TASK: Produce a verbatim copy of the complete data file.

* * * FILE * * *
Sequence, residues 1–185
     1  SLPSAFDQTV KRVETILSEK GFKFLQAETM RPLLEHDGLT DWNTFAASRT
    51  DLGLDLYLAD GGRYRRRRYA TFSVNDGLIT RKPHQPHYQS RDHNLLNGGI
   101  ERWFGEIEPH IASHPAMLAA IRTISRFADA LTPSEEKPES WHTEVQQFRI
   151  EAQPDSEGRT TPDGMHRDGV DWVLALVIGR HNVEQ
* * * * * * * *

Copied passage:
Sequence, residues 1–185
     1  SLPSAFDQTV KRVETILSEK GFKFLQAETM RPLLEHDGLT DWNTFAASRT
    51  DLGLDLYLAD GGRYRRRRYA TFSVNDGLIT RKPHQPHYQS RDHNLLNGGI
   101  ERWFGEIEPH IASHPAMLAA IRTISRFADA LTPSEEKPES WHTEVQQFRI
   151  EAQPDSEGRT TPDGMHRDGV DWVLALVIGR HNVEQ